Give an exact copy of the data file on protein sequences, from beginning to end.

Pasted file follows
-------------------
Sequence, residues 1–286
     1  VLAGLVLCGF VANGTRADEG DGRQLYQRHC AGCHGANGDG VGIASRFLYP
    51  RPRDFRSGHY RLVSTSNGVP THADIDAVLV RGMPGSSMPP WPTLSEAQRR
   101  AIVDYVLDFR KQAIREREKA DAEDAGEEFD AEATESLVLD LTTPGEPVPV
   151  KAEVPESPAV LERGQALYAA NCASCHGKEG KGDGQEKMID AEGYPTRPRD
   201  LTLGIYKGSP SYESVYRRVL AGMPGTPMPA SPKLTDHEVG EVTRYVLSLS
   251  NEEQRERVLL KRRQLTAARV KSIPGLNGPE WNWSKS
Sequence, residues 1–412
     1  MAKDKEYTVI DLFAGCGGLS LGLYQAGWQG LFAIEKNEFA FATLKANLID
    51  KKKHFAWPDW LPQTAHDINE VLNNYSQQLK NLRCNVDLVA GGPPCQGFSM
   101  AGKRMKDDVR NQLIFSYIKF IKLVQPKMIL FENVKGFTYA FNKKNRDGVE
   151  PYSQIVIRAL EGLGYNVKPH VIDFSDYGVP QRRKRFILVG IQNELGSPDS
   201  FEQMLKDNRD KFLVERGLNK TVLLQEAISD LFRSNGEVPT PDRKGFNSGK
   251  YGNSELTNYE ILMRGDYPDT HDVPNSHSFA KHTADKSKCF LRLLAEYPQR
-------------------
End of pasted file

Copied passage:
Sequence, residues 1–286
     1  VLAGLVLCGF VANGTRADEG DGRQLYQRHC AGCHGANGDG VGIASRFLYP
    51  RPRDFRSGHY RLVSTSNGVP THADIDAVLV RGMPGSSMPP WPTLSEAQRR
   101  AIVDYVLDFR KQAIREREKA DAEDAGEEFD AEATESLVLD LTTPGEPVPV
   151  KAEVPESPAV LERGQALYAA NCASCHGKEG KGDGQEKMID AEGYPTRPRD
   201  LTLGIYKGSP SYESVYRRVL AGMPGTPMPA SPKLTDHEVG EVTRYVLSLS
   251  NEEQRERVLL KRRQLTAARV KSIPGLNGPE WNWSKS
Sequence, residues 1–412
     1  MAKDKEYTVI DLFAGCGGLS LGLYQAGWQG LFAIEKNEFA FATLKANLID
    51  KKKHFAWPDW LPQTAHDINE VLNNYSQQLK NLRCNVDLVA GGPPCQGFSM
   101  AGKRMKDDVR NQLIFSYIKF IKLVQPKMIL FENVKGFTYA FNKKNRDGVE
   151  PYSQIVIRAL EGLGYNVKPH VIDFSDYGVP QRRKRFILVG IQNELGSPDS
   201  FEQMLKDNRD KFLVERGLNK TVLLQEAISD LFRSNGEVPT PDRKGFNSGK
   251  YGNSELTNYE ILMRGDYPDT HDVPNSHSFA KHTADKSKCF LRLLAEYPQR